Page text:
And Oreo, the cat who was raised by my border collie and set on becoming a sheepdog.

I have always enjoyed writing poems, and writing a children’s book was on my bucket list, so when these characters provided me with the perfect storylines, I just had to put pen to paper and make it rhyme.

There are some lovely games at the end, too for the children to engage and reflect on the story.

They can be purchased via many online bookstores and Amazon. Also, I have links on my social media profiles.

I would love to, and having recently lost, Marshall, my sheepdog, who features in both books. I am hoping to write one to help children deal with the loss of a pet.

My aim is to understand, appreciate and contribute towards what I consume and to help educate others on this disconnection we all have now to where food and things come from

Managing my time is the biggest challenge, not only because time is scarce but also because this is very much a hobby I do alone.

Whilst family do help on occasion and support it; it is ultimately my passion, my to-do list, and my problem. And often, it requires eats into time I should be spending with them.

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In the short term, I hope to breed our own pigs and use them to help regenerate some of land where needed in the process.

Also, I hope to begin rearing our own meat birds as well as introduce ducks, turkeys, and geese.

Once time and resources allow, I want others to experience the therapy that comes from farming, have a go at growing something, get involved in animal husbandry, providing local meat and veg.

For now, I want to be farming for a job, whether on my own farm or working on one.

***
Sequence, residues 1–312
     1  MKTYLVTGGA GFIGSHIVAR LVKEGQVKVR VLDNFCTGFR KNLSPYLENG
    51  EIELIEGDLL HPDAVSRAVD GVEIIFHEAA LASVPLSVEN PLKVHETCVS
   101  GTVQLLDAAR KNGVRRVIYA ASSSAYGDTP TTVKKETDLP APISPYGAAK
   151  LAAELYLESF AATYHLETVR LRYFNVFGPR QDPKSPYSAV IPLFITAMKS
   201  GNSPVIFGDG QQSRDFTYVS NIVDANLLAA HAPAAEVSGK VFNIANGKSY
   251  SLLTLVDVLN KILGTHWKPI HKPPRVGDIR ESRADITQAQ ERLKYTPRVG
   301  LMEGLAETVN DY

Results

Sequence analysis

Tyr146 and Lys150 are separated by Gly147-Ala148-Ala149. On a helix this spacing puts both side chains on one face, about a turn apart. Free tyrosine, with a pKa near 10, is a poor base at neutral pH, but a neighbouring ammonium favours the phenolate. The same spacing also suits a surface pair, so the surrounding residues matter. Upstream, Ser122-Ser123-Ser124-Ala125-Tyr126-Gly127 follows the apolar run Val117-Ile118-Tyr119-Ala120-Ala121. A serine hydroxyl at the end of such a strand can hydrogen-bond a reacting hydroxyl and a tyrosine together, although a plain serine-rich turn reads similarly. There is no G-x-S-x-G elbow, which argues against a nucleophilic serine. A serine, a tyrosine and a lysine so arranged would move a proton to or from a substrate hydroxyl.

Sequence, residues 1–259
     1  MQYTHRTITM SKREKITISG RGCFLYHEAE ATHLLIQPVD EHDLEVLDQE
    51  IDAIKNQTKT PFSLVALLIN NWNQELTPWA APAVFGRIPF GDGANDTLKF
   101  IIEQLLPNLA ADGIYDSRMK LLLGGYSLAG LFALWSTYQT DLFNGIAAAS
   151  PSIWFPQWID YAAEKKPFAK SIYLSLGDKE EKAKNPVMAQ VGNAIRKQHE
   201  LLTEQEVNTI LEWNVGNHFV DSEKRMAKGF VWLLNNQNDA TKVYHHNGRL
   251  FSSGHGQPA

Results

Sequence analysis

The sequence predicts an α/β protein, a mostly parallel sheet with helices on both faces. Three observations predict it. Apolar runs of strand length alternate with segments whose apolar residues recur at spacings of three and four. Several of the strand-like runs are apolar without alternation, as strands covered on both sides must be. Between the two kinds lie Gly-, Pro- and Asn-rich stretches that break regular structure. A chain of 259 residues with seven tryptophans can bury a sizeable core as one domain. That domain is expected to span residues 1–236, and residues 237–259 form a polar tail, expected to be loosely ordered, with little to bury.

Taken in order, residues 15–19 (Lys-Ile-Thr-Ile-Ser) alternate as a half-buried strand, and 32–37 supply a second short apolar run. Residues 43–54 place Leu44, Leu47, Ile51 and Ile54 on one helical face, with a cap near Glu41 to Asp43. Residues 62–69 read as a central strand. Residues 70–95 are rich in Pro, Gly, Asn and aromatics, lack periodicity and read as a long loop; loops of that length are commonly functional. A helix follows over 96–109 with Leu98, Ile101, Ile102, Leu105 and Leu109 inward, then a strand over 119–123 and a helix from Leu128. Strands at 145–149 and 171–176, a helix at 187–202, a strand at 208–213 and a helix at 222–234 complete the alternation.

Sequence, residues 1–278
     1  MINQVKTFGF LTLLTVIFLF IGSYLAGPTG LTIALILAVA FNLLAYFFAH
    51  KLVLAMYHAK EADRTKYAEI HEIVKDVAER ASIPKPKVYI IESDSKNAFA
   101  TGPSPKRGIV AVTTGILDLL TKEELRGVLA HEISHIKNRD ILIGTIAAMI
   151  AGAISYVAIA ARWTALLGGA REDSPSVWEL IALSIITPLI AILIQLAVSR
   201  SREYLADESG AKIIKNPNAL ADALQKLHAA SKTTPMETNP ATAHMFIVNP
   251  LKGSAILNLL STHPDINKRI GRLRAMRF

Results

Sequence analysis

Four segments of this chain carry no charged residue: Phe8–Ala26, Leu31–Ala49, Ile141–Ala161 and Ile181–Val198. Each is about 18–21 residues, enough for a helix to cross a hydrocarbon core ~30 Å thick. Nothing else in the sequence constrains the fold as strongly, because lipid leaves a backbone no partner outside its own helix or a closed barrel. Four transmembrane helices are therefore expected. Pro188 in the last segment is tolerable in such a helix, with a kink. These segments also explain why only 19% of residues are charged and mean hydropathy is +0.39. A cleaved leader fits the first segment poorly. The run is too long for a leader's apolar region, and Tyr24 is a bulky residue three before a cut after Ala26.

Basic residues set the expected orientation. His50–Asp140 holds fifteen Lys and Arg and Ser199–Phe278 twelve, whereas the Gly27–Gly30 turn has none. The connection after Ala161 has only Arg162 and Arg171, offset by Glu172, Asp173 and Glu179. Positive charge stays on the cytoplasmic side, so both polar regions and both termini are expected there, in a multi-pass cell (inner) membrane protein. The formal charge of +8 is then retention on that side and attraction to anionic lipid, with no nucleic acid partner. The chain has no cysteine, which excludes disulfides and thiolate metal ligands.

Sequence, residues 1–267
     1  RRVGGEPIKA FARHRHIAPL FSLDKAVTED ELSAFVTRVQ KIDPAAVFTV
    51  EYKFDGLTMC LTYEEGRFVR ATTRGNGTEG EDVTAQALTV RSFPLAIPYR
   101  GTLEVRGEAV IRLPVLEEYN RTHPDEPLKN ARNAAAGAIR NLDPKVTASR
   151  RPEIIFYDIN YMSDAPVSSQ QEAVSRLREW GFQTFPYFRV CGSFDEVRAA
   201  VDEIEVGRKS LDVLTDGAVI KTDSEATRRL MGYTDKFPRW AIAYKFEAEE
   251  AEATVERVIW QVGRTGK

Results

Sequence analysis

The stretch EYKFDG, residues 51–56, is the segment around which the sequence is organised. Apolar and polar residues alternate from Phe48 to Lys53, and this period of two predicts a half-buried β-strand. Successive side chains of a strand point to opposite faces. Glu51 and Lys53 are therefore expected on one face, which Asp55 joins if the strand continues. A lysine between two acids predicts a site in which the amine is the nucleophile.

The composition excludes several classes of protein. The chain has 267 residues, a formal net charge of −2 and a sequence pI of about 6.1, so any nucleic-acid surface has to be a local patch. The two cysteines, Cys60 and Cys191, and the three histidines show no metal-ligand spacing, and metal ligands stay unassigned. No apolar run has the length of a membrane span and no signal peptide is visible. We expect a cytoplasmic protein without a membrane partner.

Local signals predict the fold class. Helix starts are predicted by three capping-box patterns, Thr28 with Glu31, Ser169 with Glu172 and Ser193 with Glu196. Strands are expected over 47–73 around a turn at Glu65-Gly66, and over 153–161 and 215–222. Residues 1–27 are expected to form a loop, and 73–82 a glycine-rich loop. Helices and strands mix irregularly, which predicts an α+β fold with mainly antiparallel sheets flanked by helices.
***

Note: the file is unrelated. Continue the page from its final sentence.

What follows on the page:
Having started out completely clueless about farming, I have asked questions, observed, had a go, made mistakes, read a lot, listened a lot, been trampled on a lot and messed on a lot, and with that have learned a lot.

I have gained respect for the land, fascination with nature and appreciation for the animals.

My farming anxiety has been replaced with pride. My ignorance replaced with appreciation.

I am now part of a fantastic community both in real life and on social media, and I find so much enjoyment in sharing this farming lark with others as clueless as me.

You should understand that you will never know everything about farming, and that is a good thing.

Farming is continuously evolving; new practices, research, science, conditions, and genetics, will ensure it always evolves.

So, by being open to change, proactive and keen, you will be able to adapt, overcome and improve.

We need to improve the connection between farming and consumption. Social media has given everyone a voice.

It is the perfect opportunity for farmers to showcase to the public what they do to keep us fed and more.

Public involvement

Let us get the public engaged and invested in their farmers, to want to buy more local, think about what they are buying in supermarkets, source from local butchers or farm shops, take an active role in buying British and supporting their farmers.

Show off the fantastic welfare your animals receive, the initiatives you are doing to help the wildlife and improve biodiversity, and what the tractor was en route to after holding their car up; show how hard you work to feed us all and encourage questions and discussion.

But above all, avoid shaming anyone that doesn’t know something ‘obvious’ to you. There are so many ‘obvious’ farming facts that us townies have absolutely no clue about.

To share your story, email – [email protected]

See more Women in Ag profiles.